The Commonwealth Fund has done a three year study of how the two states of Kentucky and Arkansas with medicaid expansion compares with the State of Texas which opted out of the medicaid expansion part of the ACA/ Affordable Care Act/ Obamacare. Below are excerpts from the study (2013-2016).
In addition, I have added a link to a report published by the Apotechary, with a conservative view of how healthcare should work int the USA. The reader will recognize that a lot of the concepts discussed in this scholarly write-up are part of the republicans’ BCRA (Better Care Reconciliation Act). But what caught my eye is that this same group which reviews the BCRA in a favorable light, warns against adding the amendment recommended by the US Senator Ted Cruz.
So, although all the insurers, actuarial organizations and a myriad of experts have warned that the BCRA with the Cruz amendment is not workable, and I suspect that the US Senate’s leadership is well aware of this, they are continuing to push it. It is a rare event when the insurers and consumers are on the same page.
Here are excerpts from the May 2017 Commonwealth Fund Study…
Three-Year Impacts of the Affordable Care Act: Improved Medical Care and Health Among Low-Income Adults (2013-2016)
“In this Commonwealth Fund–supported study, researchers compared Kentucky, which expanded Medicaid as prescribed by the ACA; Arkansas, which obtained a waiver to use federal Medicaid funds available through the ACA to purchase private marketplace insurance for low-income adults; and Texas, which did not expand Medicaid coverage. Looking at these three states, the authors assessed ongoing changes in health care use and self-reported health among low-income adults, including those with chronic conditions, after three full years of the ACA’s coverage expansions.”
- “By the end of 2016, the uninsured rate in Arkansas and Kentucky—the two expansion states—had dropped by more than 20 percentage points compared to Texas, the nonexpansion state. In 2016, the uninsured rate was 7.4 percent in Kentucky, 11.7 percent in Arkansas, and 28.2 percent in Texas.”
- “Low-income adults in Kentucky and Arkansas who gained coverage experienced a 41-percentage-point increase in having a usual source of care, a $337 reduction in annual out-of-pocket costs, and a 23-point increase in the share of those who reported they were in “excellent” health.”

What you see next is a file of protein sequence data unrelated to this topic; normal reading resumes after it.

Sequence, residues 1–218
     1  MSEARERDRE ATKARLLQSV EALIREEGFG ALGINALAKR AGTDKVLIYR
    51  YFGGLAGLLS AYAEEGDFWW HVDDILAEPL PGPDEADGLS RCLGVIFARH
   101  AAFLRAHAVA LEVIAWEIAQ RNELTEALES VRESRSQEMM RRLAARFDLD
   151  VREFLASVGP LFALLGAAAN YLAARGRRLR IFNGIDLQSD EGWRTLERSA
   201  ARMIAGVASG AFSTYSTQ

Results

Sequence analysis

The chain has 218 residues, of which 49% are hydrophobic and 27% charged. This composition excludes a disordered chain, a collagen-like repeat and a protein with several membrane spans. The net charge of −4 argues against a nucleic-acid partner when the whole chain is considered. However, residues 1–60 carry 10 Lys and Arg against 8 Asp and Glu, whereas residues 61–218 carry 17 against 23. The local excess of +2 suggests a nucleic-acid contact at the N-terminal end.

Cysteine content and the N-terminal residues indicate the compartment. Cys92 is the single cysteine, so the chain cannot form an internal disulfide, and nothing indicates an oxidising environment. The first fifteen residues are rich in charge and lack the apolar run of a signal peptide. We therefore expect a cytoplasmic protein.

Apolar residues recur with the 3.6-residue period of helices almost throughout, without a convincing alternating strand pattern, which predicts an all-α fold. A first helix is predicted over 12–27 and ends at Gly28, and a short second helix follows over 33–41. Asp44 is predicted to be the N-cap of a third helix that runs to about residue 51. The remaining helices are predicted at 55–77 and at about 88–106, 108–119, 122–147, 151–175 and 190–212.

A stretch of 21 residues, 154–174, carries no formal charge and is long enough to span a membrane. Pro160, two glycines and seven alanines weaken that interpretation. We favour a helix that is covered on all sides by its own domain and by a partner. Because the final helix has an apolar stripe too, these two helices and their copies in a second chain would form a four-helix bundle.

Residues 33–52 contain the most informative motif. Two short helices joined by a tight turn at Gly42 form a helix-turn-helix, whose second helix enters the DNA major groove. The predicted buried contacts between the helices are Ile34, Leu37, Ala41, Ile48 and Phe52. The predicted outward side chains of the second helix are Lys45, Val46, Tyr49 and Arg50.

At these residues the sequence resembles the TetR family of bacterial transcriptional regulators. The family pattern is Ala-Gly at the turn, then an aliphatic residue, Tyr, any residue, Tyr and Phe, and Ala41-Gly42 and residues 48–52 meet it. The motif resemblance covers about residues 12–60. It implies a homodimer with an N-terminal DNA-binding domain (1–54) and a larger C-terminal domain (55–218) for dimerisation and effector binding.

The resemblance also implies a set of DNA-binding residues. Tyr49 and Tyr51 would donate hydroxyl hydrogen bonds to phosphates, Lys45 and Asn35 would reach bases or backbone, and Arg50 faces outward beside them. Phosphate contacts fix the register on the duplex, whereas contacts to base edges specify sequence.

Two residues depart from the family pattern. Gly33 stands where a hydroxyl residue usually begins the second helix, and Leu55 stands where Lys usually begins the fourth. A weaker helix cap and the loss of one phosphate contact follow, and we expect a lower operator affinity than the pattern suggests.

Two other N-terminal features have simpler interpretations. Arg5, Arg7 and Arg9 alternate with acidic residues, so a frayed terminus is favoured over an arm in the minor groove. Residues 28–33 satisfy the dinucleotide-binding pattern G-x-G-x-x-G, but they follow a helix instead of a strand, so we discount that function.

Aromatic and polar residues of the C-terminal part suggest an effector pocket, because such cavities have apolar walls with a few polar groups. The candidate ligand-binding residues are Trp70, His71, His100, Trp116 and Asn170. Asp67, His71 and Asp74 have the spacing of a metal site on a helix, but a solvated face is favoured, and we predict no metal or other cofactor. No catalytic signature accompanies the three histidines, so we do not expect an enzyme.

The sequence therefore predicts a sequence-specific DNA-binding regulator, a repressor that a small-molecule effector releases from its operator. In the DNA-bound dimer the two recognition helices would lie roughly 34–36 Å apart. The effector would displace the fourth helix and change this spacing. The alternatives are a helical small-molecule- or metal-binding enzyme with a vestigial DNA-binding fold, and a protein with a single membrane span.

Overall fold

- “Results were similarly positive for people with chronic illnesses who gained coverage because of the ACA. Low-income patients with diabetes, heart disease, hypertension, and stroke who gained coverage were 56 points more likely to report having regular care for their condition than were chronically ill adults in Texas, 51 points less likely than those in Texas to skip medications because of the cost, and 20 points more likely to report being in excellent health.”The Big Picture
The Big Picture
“The study suggests a strong link between insurance coverage, quality of care, and health. It also shows that two traditionally vulnerable populations have made significant gains from the ACA’s expansion of health coverage: low-income adults and people with chronic illnesses.”
“The study’s results also offer insights into alternative state approaches to expanding coverage, as the two expansion states experienced similar gains. “Coverage expansion is quite important for patients,” the authors conclude, “but the type of coverage obtained is less critical.”
About the Study
“Researchers used survey data from Arkansas, Kentucky, and Texas, gathered yearly from 2013 through 2016, to compare the experiences of low-income adults—those with incomes below 138 percent of the federal poverty level—with respect to health care access, affordability, utilization, and quality, as well as health status.”
The Bottom Line
“Expanding health care coverage significantly improves the ability of low-income adults to access health care services and leads to improved self-reported health status. The benefits of having health care coverage are especially pronounced for individuals with chronic illness.”
Link to entire Commonwealth Fund report:
The Apothecary is Forbes‘ acclaimed and influential blog on health care and entitlement reform, led by Forbes Opinion Editor Avik Roy (@avik). The Apothecary’s authors include:
- Josh Archambault of the Foundation for Government Accountability (@josharchambault);
- Brian Blase of the Mercatus Center (@brian_blase);
- Chris Conover of Duke University (@conoverchris);
- Yevgeniy Feyman of the Manhattan Institute (@yfeyman);
- John Goodman of the Goodman Institute (@drjohncgoodman);
- John R. Graham of the National Center for Policy Analysis (@johnrgraham);
- Paul Howard of the Manhattan Institute (@paulhowardMI);
- Merrill Matthews of the Institute for Policy Innovation (@merrillmatthews);
- Sally Pipes of the Pacific Research Center (@sallypipes);
- Sally Satel of Yale University (@slsatel);
- Grace-Marie Turner of the Galen Institute (@gracemarietweet); and
- Seth Chandler of the University of Houston.
On 7/9/17 Seth Chandler of Forbes -The Apothecary wrote his review of the Better Care Reconciliation Act:
“The latest Senate Republican “Better Care Reconciliation Act” gets rid of enough problems in previous drafts to merit serious discussion. It may well permit an “Obamacare-style” individual health insurance insurance market and a less regulated market to coexist. But lots of issues remain.”